Wednesday 16 August 2023

Stargrave Scavengers - the first five

 It occurred to me recently that, while 40k is a much more playable game these days, and the models are much better from a technical standpoint than they used to be, something has been lost along the way. To me at least, the 40k world just isn't much fun these days. For one thing, the setting is humourless and boringly miserable. Almost all of the characters are drab. For another, the Rogue Trader ethos of making weird people and getting them to have a fight has faded somewhat. It's all far too regimented. Even games like Necromunda are very restrictive. A lot of the creativity has gone.

Which brings me onto the Scavengers kit, made by North Star Games for Stargrave. Let's cut to the chase: this is awesome. For £20, you get 20 bodies (there are 5 varieties) and a load of heads and guns. You can make a variety of shabby-looking space militia types, mainly with assault rifle-type guns but also pistols and crude hand weapons. Yes, the models could be a little bit more detailed, but they really don't need to be. You also get alien heads, if you want them to look a bit Star Trek, and some decayed-looking heads if you feel the need for space zombies. Which I don't, but fair enough. 

I had a go at assembling some of these guys. I decided to use a couple of spare Frostgrave and Bolt Action bodies, to see how well the weapons overlapped. The answer is "very well indeed". In the spirit of Rogue Trader and the lazier episodes of Star Wars, I've given them silly names.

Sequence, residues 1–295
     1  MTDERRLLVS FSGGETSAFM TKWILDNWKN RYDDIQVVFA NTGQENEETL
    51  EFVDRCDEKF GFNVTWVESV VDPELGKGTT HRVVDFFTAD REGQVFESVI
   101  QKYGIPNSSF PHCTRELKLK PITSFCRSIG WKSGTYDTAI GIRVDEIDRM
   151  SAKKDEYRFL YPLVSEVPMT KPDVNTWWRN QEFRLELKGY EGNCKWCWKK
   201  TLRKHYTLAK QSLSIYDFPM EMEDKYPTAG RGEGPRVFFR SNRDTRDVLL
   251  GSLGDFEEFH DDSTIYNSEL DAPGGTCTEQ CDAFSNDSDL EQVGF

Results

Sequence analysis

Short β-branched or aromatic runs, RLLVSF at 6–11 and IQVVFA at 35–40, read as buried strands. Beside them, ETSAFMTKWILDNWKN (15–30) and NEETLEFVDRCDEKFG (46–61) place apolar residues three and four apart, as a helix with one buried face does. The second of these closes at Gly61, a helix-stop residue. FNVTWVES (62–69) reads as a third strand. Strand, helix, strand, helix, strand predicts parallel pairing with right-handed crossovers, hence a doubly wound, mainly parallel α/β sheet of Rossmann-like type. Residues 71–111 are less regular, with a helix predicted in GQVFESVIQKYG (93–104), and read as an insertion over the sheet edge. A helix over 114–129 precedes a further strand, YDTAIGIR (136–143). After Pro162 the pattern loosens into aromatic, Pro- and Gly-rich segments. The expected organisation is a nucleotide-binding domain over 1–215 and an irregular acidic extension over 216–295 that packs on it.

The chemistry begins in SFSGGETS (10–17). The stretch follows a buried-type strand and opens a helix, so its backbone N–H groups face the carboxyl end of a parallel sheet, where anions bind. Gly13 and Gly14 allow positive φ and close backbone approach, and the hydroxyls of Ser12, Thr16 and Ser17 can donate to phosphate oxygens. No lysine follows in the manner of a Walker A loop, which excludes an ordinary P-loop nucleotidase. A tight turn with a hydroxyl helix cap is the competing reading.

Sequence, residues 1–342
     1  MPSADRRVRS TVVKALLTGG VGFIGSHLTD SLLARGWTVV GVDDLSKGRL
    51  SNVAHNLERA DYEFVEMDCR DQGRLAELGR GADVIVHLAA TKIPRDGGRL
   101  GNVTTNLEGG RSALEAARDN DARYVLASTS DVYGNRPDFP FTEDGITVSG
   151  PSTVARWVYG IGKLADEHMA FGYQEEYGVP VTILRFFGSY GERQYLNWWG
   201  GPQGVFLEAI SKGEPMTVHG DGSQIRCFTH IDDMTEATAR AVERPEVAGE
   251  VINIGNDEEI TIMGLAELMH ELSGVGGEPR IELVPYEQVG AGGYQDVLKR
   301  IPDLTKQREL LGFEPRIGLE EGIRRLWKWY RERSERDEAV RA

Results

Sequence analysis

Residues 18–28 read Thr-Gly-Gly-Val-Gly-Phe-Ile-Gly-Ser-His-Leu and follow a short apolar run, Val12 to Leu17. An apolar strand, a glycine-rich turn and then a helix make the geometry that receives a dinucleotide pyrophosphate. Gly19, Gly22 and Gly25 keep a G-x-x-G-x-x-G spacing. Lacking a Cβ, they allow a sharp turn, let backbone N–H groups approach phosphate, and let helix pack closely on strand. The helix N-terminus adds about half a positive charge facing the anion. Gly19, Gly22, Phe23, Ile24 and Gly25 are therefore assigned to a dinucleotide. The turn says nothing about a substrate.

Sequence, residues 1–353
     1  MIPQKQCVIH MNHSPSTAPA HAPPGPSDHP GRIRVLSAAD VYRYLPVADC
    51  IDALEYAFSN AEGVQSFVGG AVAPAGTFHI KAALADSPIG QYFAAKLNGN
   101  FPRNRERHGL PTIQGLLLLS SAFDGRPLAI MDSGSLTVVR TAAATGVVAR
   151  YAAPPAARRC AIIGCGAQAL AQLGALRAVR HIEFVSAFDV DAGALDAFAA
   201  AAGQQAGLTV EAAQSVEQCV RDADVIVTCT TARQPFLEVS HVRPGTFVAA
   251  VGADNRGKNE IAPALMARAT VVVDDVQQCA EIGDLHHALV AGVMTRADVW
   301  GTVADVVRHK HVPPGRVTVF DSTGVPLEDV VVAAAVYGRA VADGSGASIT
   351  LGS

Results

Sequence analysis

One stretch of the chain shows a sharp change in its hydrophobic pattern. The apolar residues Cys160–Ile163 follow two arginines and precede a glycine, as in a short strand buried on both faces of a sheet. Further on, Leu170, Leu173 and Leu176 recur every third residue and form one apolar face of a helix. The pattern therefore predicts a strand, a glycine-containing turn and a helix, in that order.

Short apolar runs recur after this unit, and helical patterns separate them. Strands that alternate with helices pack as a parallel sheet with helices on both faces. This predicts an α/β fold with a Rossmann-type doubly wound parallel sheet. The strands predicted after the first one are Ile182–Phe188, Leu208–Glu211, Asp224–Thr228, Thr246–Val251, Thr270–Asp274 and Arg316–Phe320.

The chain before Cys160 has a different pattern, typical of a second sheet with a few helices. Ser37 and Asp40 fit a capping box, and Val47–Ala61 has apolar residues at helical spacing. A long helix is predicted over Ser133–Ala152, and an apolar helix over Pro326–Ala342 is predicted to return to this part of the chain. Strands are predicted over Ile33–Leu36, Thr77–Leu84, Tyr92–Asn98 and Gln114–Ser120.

Dilbo Fudge and his brother Trilby are two scumbags on the lookout for strong women and loose booze, or vice versa. They are currently lying low after their recent heist on the National Dubstep Repository, where they made off with some of the galaxy's premium squonking sounds. 

Dilbo uses parts from the Scavengers set, except for his head, which is from a Bolt Action WW2 Russian soldier.

Trilby has a Frostgrave soldier's body, and arms and a head from the Scavengers set.

Stickwell Clagg is a tough customs officer from the Bureau of Firearms, Tobacco, Alcohol and G'Fark. Rumours that he has been snibbling his own supply of G'Fark are completely unfounded.

Clagg was made with bits from the Scavengers kit.

The mysterious warrior-monk known only as The Crimbler provides heavy support with his hefty drum-fed machine gun. No-one has ever seen his face, including himself. This adds to his mystique, although it doesn't help his aim.

The Crimbler is made purely with parts from the Scavengers sprue.

Delaware Crotch used to be a security officer on the moon of Pragnar. During the Purging of the Gonks, he joined the rebellion. The fact that there wasn't actually a rebellion yet did not deter him from becoming a one-man uprising.

Delaware uses a Bolt Action Russian body, a Frostgrave soldier head and arms from the Scavengers set.

So, silly names aside, I think that this is an excellent boxed set. The models are really good and go together excellently. There's tons of potential for variety, even before you get onto conversions and kit-bashing. It's superb value and I'd really recommend it.


If you like Mordheim or Assassin's Creed, check out my Dark Renaissance novels HERE

Saturday 12 August 2023

1990s Marine Challenge (aka Teacup Marine)

 Over on Instagram (I'm on tobyfrostauthor if you feel like following me), Darren Latham created a painting challenge: paint a plastic monopose space marine from the 1990s. I'm slightly wary of these kind of things: for one thing, my painting is total bollocks compared to some of the people on instagram. For another, they're not very good models.